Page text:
Like nearly everyone, I have been known to enjoy a slice of leftover pizza for breakfast now and again. It’s quick and tasty, hot or cold. But I also really love your standard breakfast foods – eggs, bacon, potatoes, and toast, or maybe a spinach omelet with salsa. Breakfast burritos! Chilaquiles! Something eggy, definitely. So I suppose it was inevitable that I’d wind up making a breakfast pizza. I just didn’t realize how completely wonderful it would turn out to be. I made mine the night before and then just warmed it up the next morning.
Making your own pizza dough may seem scary at first, but it is really worth it, and not as hard as you think. In addition to the dough ingredients listed below, I’ll often throw in some minced garlic, rosemary, and olive oil if I’m making a regular dinnertime pizza.
1 Tbsp (or 1 packet) rapid rise yeast
1 cup warm water (not hot)
pinch of sugar
1 tsp salt
2 cups white flour
1 cup whole wheat flour
1 strip of bacon (peppered bacon is the best)
1 cup potatoes, cut in small pieces
1 Tbsp olive oil
1/2 cup picante sauce (hot)
1 Tbsp minced garlic
1 cup spinach (cut into thin stips)
1 cup grated mozzarella
Tony Chachere’s cajun seasoning mix
1 tsp smoked paprika
1 tsp black pepper
Large mixing bowl
Small bowl and whisk
Cutting board and knife
Pizza pan (or even better, a large oven safe skillet with a lid)
In a large mixing bowl, combine active dry yeast, warm water, pinch of sugar and salt. Set it aside, preferably in a warm place, until it is frothy on top. Then, mix in the 3 cups of flour. It should become too thick to stir easily. Knead by hand in the bowl a few times, and if it is sticking to your hands, add a litte more flour. Shape into a ball and set aside to rise. Preheat the oven to 350 degrees Farenheit.
While you are waiting for the dough to rise, cook the bacon in a nonstick skillet over medium heat until it is crispy. Set it aside until it is cool, then crumble into bits. While the pan is still hot, cook the potatoes in the bacon grease until they are tender. Season with Tony C’s and smoked paprika. Then, scamble your eggs and fry them in the olive oil. Season with salt and pepper.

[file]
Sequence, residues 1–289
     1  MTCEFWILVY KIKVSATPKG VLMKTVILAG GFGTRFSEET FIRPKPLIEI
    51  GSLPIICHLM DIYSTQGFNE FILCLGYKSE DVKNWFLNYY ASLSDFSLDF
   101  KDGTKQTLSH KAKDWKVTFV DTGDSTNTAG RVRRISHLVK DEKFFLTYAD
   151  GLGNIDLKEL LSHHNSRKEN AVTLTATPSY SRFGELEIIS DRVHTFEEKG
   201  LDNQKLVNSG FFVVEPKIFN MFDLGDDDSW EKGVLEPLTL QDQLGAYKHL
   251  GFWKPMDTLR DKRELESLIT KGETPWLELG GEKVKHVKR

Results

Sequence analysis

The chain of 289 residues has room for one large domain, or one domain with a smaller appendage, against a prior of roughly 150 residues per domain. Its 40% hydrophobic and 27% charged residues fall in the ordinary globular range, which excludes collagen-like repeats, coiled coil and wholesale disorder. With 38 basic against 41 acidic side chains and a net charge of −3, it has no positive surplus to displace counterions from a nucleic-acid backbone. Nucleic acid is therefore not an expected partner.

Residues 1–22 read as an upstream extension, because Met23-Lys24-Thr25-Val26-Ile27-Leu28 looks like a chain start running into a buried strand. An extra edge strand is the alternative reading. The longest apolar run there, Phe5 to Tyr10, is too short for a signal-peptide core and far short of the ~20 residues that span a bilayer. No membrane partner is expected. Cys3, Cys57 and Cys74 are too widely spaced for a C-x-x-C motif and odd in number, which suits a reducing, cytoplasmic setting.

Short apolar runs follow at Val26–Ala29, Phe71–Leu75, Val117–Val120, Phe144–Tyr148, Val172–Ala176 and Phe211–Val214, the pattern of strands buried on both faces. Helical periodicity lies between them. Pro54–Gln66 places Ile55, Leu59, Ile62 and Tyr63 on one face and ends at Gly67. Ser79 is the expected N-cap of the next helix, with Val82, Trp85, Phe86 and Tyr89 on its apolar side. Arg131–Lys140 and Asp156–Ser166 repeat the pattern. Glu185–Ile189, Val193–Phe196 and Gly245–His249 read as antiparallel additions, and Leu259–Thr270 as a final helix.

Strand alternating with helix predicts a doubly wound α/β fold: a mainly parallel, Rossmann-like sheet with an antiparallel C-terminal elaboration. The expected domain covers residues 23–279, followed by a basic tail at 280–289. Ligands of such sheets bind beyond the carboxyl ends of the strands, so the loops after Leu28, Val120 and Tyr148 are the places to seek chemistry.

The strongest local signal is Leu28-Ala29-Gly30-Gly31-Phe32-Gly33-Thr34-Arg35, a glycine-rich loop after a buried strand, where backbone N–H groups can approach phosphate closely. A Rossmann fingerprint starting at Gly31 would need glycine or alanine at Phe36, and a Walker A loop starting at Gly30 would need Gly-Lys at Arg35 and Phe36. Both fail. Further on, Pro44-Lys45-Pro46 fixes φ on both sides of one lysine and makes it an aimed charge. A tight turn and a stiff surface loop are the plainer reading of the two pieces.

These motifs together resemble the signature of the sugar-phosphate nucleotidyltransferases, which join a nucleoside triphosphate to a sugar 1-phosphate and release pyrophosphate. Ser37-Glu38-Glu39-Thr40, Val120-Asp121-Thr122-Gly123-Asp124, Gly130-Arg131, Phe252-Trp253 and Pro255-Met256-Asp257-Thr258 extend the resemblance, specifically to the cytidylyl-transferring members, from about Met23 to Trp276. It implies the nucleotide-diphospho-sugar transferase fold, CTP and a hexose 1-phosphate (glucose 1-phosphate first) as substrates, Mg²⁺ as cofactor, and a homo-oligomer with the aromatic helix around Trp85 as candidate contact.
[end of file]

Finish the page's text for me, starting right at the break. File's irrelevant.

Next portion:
Once the dough has about doubled in size, spread it out in the oiled pan. Spread picante sauce on top, followed by minced garlic, chopped spinach, and bacon. Cover with grated cheese, potatoes, and egg pieces. Sprinkle a light dusting of Tony C’s seasoning on top. Put the lid on your pan (if it has one) and bake for 20 minutes or until the crust is firm. Let cool at least 20 minutes before eating or refrigerating. Serve with hot, black coffee and fresh juice.
Variations: I’m sure this would be good with bell peppers, sausage, Gimme Lean, pineapple, onions, zucchini, or avocado, to name a few. I’ve also heard of using gravy instead of salsa. Experiment!
Last night we had some friends over for a springtime grill-out. Burgers, beer, grilled zucchini, homestyle fries, and juicy watermelon. So today, there were lots of leftovers in the fridge. With the extra ground beef, I made chili. I chopped a small onion and cooked it with the extra meat, added a can of black beans, chili powder, smoked paprika, 1/2 cup picante sauce (salsa), 1/2 cup flat beer, 1 sweet potato (baked and cubed) and simmered until done, stirring and adding beer as necessary to keep it from burning.